CMU Libraries Systematic Review Guide
If you’re conducting a comprehensive literature search, perhaps for a dissertation literature review or a grant proposal, how do you know when you’ve done enough? This is a common question and there’s no simple answer. However, there are some methods that can help you feel more confident that you’ve done your due diligence and that other researchers can pick up where you left off if need be.
Systematic reviews, and other emerging forms of research synthesis, use methods of literature searching that reduce bias, and add transparency and reproducibility to the search process. Systematic reviews seek to answer a well-defined research question using the existing literature as the underlying subjects of study. They may or may not involve a meta-analysis, and unlike typical literature reviews, systematic reviews include a study quality assessment phase. This method emerged in the 1970s and 1980s in clinical medicine to answer questions of effectiveness of clinical treatments and to identify evidence to inform clinical practice. With the increasing deluge of information and a push for evidence-based practice, systematic review methods are now being applied in a broad range of disciplines from environmental science to criminal justice. Systematic reviews can help determine if sufficient research evidence exists to support a particular practice or policy, or to identify gaps of insufficient evidence where additional research is needed.
Systematic reviews typically involve a multi-researcher team and can take many months to perform, as they seek to find every study, published and unpublished, that provides evidence to answer the research question. Organizations like the Cochrane Collaboration for health and medicine and the Campbell Collaboration for various social science disciplines, produce and disseminate systematic reviews and provide methodological guidance. The CMU Libraries also has a comprehensive research guide about both conducting and using systematic reviews for decision-making. With the evolution of systematic review methods in other disciplines, a number of emerging evidence synthesis methods are being applied--things like rapid reviews, systematic maps and meta-narrative reviews are a few examples.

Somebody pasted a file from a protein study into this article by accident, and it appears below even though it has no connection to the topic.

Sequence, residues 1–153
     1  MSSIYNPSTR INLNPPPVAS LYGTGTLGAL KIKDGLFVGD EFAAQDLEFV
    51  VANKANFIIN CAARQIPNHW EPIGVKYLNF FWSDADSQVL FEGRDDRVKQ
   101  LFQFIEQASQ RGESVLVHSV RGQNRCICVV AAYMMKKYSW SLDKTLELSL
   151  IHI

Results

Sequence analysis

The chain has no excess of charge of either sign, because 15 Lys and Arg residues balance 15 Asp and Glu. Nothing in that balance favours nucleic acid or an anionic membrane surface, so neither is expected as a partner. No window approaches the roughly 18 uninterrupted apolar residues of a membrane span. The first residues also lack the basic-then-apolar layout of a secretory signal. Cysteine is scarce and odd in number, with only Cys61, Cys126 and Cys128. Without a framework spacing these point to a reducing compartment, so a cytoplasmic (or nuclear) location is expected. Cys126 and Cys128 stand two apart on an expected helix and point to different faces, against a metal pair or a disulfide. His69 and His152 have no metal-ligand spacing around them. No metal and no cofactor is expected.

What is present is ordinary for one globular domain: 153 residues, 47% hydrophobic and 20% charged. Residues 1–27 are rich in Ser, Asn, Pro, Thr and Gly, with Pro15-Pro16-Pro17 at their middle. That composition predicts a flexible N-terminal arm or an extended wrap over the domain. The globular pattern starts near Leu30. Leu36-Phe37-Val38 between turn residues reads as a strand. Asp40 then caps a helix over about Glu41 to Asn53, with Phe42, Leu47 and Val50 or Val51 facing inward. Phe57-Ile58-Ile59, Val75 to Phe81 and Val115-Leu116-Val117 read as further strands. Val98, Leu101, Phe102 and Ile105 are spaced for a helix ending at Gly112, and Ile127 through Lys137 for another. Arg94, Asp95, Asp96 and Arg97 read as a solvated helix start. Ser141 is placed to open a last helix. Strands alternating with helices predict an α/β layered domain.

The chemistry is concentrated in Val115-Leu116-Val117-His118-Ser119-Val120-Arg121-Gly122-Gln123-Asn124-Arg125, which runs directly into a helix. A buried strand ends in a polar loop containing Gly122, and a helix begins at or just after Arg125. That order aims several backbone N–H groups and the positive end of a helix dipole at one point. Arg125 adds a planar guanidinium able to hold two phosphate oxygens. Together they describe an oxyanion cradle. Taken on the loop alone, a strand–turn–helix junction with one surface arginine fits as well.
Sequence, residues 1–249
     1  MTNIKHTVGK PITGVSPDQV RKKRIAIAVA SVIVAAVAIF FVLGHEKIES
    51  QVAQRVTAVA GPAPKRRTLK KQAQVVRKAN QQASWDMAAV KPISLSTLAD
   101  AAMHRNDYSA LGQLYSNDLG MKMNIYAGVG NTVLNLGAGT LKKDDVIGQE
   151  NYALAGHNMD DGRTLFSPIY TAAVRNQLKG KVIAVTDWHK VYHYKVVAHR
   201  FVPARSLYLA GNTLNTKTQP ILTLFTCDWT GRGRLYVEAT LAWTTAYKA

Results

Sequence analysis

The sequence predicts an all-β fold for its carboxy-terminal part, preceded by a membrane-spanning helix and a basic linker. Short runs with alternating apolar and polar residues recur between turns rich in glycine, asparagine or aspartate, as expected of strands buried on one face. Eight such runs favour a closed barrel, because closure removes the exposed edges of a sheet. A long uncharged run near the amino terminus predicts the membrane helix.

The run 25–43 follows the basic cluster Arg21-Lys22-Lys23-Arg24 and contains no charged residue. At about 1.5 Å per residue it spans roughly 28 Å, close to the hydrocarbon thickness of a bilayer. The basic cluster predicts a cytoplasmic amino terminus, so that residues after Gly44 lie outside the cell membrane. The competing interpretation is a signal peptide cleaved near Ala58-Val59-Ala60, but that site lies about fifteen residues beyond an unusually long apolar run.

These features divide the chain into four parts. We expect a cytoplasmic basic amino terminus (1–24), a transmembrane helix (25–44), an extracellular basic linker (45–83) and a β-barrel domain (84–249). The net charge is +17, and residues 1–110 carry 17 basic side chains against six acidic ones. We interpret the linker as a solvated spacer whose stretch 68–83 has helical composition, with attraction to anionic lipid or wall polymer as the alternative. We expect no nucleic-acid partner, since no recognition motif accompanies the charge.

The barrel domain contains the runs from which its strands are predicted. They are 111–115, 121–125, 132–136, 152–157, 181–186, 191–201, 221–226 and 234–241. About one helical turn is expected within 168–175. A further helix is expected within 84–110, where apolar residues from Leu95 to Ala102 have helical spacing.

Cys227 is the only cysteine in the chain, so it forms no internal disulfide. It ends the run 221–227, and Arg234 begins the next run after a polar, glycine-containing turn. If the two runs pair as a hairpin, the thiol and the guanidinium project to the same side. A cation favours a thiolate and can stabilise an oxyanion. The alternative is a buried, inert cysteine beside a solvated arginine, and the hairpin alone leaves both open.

While you may not be ready to embark on a full systematic review, the search methods applied in this process can be useful in other types of literature reviews. Structured searches across multiple databases, that make use of database indexing, syntax and keyword searches, can allow for a more comprehensive and reproducible process. The documentation and reporting of searches can add transparency. And the use of citation management tools like Mendeley or Zotero, and screening tools like Rayyan and abstrakr, facilitate the screening process and help you organize your work.
If you’re thinking about conducting a systematic review or think that these methods can help you do better literature reviews for dissertations, grant proposals or meta-analyses, please join us for a workshop on April 13th. You can also submit a query at this page for help with a systematic review or a comprehensive literature review.
An introduction to systematic reviews: Finding research evidence for decision-making
12:00 - 1:00 PM
Hunt Library, IDeATe Studio B
Register at: https://cmu.libcal.com/event/3921853
by Sarah Young, Liaison LibrarianTags: Health & Medicine, See all tags